Guest article provided by: fadingmemoriespodcast.com
Whenever I meet someone new who has a family member with Alzheimer’s, the first thing I tell them is to assemble a caregiving team. Well, I talk to them first, ask questions, but it’s all in search of information.
Most of us take on caregiving out of love and, yes, responsibility. They are our family. Who else is going to care for them as well as we will? To be quite frank, most families can’t afford a lot of paid help, so it falls on us.
Even if you can afford some paid help, it’s still essential to assemble a care team. What exactly is a care team? Good question. Your care team will likely look different than my care team or the people helping someone else.
First, the most important thing, in my opinion, is to find a local support group. I learned more in my support group in the first few months than I knew from the past decade. I didn’t even know of the Alzheimer’s Association until I Googled looking for a support group. You can go to their site at www.alz.org and find a group near you.
Why a Caregiving Team?
Caregiving, even for someone in the early stages, can be isolating. It would help if you were with people who have been where you are and are still on the journey. The knowledge you’ll gain from a good support group is invaluable. I still attend mine even though my Mom is gone.
However, finding a support group is barely the first step. Your next step should be to evaluate all the tasks needed to maintain you and your home and see what outsourcing options are available.
When caring for someone in the early stages hiring someone to handle the yard work or clean the house might make the most sense. It’s more than likely that your loved one won’t need a lot of hands-on care. Hiring someone to take over some of your chores and some of theirs will take the pressure off and allow you to enjoy your days together more peacefully.
Once you’ve evaluated what chores should be outsourced, you should start planning for the future. Caregiving can be compared to standing on quicksand. At first, you can get out of the sand, but slowly, almost without notice, you’re in over your head.
Caregiving Slowly Takes Over
I helped take care of my Mom for 20 years. In the beginning, it wasn’t hard. However, like most people, we were unaware of what would come. I truly believe that between caring for Mom and his chronic illnesses, my Dad eventually gave up. It’s easy to believe when you learn that 65% of caregivers are hospitalized or die before their loved one.
It’s crucial to find and cultivate people who care to support you and give you help when you need it. The sooner you do this, the easier it will be for all involved. As your loved one declines, they’ll be there to see the changes. This should allow them to adapt their help better, but additionally, they’ll be able to understand the disease more manageable.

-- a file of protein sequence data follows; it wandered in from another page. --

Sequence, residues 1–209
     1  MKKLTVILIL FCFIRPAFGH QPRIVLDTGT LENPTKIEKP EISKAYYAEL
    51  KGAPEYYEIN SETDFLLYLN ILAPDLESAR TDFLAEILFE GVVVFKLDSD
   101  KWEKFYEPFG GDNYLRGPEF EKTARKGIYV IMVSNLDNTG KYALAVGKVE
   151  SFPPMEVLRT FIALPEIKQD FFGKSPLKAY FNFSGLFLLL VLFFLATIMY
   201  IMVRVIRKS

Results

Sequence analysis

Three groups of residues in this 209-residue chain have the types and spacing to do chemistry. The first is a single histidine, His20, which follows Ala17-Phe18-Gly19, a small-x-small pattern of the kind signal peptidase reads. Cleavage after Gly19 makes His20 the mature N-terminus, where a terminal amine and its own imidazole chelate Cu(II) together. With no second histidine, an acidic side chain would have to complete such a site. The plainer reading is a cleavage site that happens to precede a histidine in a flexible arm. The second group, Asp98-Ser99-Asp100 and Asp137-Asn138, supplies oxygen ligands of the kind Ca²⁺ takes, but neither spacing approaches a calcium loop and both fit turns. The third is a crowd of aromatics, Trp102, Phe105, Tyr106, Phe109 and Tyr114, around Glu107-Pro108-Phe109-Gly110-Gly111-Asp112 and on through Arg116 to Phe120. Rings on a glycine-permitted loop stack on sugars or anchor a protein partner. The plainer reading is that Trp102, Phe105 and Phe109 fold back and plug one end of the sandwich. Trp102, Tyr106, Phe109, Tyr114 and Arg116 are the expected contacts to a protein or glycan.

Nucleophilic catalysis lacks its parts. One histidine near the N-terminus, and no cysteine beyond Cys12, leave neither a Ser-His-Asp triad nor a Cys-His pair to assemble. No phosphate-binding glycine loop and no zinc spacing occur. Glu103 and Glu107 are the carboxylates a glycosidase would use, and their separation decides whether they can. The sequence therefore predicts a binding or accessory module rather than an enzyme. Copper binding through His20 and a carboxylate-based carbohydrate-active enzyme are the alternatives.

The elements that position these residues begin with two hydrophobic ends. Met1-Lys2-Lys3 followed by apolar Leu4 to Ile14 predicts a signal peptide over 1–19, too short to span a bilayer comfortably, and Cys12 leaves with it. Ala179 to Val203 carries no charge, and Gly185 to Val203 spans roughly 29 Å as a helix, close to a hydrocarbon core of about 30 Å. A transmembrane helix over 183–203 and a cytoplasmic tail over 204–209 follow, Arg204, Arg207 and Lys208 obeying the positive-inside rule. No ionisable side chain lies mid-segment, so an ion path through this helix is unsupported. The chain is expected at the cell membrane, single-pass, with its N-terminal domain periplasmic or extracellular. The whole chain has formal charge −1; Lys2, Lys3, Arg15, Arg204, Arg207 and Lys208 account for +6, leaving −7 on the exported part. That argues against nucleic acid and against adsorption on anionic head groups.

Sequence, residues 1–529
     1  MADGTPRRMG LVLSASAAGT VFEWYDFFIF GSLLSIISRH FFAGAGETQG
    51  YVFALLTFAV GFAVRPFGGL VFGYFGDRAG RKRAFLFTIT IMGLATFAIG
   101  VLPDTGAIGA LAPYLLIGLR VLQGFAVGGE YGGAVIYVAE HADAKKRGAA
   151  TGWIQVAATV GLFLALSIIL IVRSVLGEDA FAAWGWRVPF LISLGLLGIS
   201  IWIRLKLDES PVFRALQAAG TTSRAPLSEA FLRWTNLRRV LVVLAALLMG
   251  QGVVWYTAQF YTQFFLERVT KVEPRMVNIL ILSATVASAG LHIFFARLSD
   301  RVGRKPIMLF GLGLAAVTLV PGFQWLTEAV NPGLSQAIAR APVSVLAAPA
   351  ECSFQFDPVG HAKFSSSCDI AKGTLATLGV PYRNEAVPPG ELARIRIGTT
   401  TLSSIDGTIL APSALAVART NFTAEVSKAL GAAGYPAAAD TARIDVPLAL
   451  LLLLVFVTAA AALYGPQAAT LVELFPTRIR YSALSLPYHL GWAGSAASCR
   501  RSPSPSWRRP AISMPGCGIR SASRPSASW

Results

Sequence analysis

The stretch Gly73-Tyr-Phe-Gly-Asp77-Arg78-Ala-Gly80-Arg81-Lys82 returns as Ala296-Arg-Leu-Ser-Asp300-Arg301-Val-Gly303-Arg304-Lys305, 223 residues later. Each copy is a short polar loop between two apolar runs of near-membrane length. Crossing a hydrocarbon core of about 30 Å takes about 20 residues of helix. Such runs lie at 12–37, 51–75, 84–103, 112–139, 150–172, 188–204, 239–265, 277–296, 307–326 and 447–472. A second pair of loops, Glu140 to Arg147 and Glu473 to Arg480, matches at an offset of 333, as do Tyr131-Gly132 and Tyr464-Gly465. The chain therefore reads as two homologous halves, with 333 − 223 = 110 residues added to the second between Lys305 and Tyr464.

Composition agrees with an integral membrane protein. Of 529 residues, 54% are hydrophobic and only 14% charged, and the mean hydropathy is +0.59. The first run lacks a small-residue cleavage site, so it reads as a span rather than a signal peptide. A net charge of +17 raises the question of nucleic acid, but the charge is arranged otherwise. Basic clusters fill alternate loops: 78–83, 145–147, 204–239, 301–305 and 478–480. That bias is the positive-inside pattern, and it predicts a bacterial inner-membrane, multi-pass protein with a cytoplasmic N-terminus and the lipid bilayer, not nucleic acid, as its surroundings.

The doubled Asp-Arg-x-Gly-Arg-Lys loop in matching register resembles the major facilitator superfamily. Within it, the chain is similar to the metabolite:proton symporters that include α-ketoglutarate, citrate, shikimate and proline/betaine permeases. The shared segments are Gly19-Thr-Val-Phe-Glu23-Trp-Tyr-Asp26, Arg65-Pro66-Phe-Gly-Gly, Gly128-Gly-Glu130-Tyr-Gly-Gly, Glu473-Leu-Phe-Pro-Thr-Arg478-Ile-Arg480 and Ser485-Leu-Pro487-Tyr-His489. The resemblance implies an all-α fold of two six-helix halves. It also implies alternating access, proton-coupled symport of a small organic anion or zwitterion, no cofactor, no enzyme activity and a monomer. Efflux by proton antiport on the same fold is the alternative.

Some of the best advice I learned was to ask other family members what they’d be comfortable handling. Allowing others to be involved in a way that fits into their schedule helps everyone. It’s also a way for out-of-town people to help without giving up time off or traveling.
How Do I Get Others to Help?
For example, I am horrible when it comes to dealing with bureaucracies. When it comes to banks and insurance companies, my tolerance is about two minutes long.
My husband, on the other hand, worked in banking, so he speaks their language. He’s also been in real estate long enough to have worked through the crash of 2007-2008. Trying to short-sell properties, deal with bank-owned homes tested even his patience. He’s the perfect person to handle bureaucratic chores.
Similarly, you may be an adult child trying to help one parent care for the other. If you have kids and a job, you don’t have a lot of time. You might be able to work with the kids to meal prep for your parents.
My sister did this with a friend of hers. They’d get together once or twice a month, on a weekend afternoon, and prep slow cooker meals that they would freeze. These frozen meals allowed Dad to dump and run, giving him more time to handle other things. She and her friend would share the prepped meals, so everyone had some variety. The wine and companionship didn’t hurt either!
I’d go as far as suggesting that an older grandchild could handle meal prep for both families, which is a good life skill to learn.
Spouse VS Adult Child Caregiving
In reality, not all caregivers are a spouse of the person needing care. Being an adult child caregiver means you’ve got more to juggle. Expanding your team to friends, neighbors, and community members might be necessary.
For example, getting my Mom to the doctor in the last couple of years of her life was quite a challenge. It wouldn’t have been quite such an issue if a simple visit didn’t require 2-4 hours of my time. For better or worse, since the start of the Covid-19 crisis, there are more options available for medical care.
I’d strongly suggest setting up telemedicine as early as possible. Eliminating the need to get in the car and be at a specific place at a particular time has to be the best reason to use this service. It also protects both of you from other diseases.
For those appointments that require them to be seen in person, maybe a friend has better success getting them there. With the promise of a nice lunch, once the appointment is over, you might find the outing to be enjoyable. It also gives the caregiver a break or time to handle their own families.
Think Creatively & Specifically
By thinking creatively and putting a care team in place early on, it may be possible to avoid paid care. A well-crafted team that shifts when the disease shifts can be a blessing to everyone involved.
Please don’t wait for a significant change in their abilities or a crisis to start asking for help. Alzheimer’s can be a long marathon, and you’ll need a team the entire way.
Jennifer Fink, Host of Fading Memories Podcast